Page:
A network of 13 civil society organizations is planning to propose an amnesty bill for those facing charges for taking part in political protests since 2006, including those charged with royal defamation.
Network representatives at the launch (Photo from the Network for People's Amnesty)
The Network for People’s Amnesty announced on Sunday (19 November) that it is planning to propose a “People’s Amnesty” bill in the hope of reducing political conflict.
Network representative Phattranit Yaodam said during Sunday’s press conference that the high number of activists and protesters being prosecuted shows that political institutions are no longer under the rule of law. Granting amnesty would not only give those charged their original status but also give these institutions the opportunity to reform themselves and build a structure for justice.
Phattranit explained that an amnesty is not outside the boundary of the law, but is part of a person’s right to be remedied by the state, their right to access the justice system, and the right to know the truth about what happened. This is in accordance with international law, Phattranit said, noting that not all charges can be dropped and that crimes like genocide, torture, enforced disappearance, or extrajudicial killing cannot be included in an amnesty bill.
According to Thai Lawyers for Human Rights (TLHR), the bill will grant amnesty to those facing charges for participating in political protests from 19 September 2006 to the date on which the law comes into effect. However, charges filed against state officials involved in protests, such as during crackdown operations, will not be dropped so that they will not be given impunity if their actions were disproportionate.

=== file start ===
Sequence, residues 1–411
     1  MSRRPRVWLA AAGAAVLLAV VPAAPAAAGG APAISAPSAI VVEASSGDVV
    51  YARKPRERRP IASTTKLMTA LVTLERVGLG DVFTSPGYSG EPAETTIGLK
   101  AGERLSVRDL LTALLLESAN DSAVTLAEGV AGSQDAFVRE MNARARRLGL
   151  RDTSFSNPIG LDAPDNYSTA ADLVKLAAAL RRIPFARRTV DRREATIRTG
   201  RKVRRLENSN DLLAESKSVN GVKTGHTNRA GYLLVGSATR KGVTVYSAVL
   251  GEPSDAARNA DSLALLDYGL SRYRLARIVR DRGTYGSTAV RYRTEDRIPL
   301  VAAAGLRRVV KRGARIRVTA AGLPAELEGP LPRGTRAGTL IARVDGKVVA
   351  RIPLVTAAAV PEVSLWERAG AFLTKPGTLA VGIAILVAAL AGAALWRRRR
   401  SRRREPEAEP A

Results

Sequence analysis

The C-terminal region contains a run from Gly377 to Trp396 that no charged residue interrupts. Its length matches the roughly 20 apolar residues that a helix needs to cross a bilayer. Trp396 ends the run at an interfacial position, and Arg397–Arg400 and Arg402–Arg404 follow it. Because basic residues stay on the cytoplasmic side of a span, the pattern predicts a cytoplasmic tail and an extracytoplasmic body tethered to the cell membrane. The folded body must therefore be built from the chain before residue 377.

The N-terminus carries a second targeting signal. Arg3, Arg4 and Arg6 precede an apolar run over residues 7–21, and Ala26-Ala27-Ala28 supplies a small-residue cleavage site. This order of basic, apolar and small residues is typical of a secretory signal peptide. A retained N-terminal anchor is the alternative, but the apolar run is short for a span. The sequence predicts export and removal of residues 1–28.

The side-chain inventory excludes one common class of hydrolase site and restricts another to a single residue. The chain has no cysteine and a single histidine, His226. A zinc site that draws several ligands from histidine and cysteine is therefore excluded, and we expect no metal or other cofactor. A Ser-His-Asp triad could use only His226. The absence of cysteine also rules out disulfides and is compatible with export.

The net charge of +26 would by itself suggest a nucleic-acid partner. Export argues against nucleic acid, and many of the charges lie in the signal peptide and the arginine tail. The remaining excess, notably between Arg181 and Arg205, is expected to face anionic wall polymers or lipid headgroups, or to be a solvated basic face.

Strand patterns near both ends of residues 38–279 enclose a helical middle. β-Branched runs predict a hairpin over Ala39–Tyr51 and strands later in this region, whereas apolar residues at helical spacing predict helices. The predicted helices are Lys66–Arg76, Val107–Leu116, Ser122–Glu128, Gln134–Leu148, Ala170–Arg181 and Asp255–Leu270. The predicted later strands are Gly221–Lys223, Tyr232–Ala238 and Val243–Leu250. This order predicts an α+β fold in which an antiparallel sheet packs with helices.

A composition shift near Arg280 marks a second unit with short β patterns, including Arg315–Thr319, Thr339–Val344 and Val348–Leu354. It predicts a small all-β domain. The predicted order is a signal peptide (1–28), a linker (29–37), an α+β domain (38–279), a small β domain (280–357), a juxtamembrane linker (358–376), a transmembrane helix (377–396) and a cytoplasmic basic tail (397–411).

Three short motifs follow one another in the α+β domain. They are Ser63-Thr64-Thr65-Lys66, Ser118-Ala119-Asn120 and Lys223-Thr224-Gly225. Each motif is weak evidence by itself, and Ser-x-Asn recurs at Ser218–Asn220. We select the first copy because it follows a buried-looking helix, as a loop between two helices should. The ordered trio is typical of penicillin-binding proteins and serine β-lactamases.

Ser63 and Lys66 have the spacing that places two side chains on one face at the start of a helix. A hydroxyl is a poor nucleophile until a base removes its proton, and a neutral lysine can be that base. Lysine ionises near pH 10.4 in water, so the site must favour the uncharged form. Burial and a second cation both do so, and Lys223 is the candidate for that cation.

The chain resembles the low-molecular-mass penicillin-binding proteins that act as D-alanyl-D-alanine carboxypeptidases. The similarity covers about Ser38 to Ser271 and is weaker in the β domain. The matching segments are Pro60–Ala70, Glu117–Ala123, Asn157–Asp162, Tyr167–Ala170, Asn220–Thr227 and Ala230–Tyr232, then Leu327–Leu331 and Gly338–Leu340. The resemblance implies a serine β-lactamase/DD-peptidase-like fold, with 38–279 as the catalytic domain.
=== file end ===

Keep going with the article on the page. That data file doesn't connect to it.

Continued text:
Under this bill, those facing charges under NCPO orders, regulations issued under the Emergency Decree, the 2016 Constitutional Referendum Act, the royal defamation law, and other charges related to participating in protests will automatically be granted amnesty.
The case of anyone who did not directly participate in a protest but was charged for calling for resistance against the state or state operations, protest, or other forms of expression that endanger the life, liberty, property, or reputation of another person will have to be considered by an amnesty committee before charges against them can be dropped.
The committee will be made up of:
1. the House Speaker,
2. the opposition leader,
3. the government chief whip,
4. 10 members of parliament,
5. a representative of citizens prosecuted after the 2006 coup,
6. a representative of citizens prosecuted during the 2009-2010 protests,
7. a representative of citizens prosecuted after the 2014 coup,
8. a representative of citizens prosecuted for participating in the 2020-2023 protests, and
9. two representatives of civil society organizations working on fact-finding and justice.
Phattranit said that amnesty is the minimal standard for eliminating conflict from society and is part of transitional justice. If this can be achieved, the country will return to normalcy. She also said that other measures that a government can take include fact-finding on human rights violations, compensation for those affected, and guarantees that no similar human rights violations will happen again, by actions such as amending laws and political reform.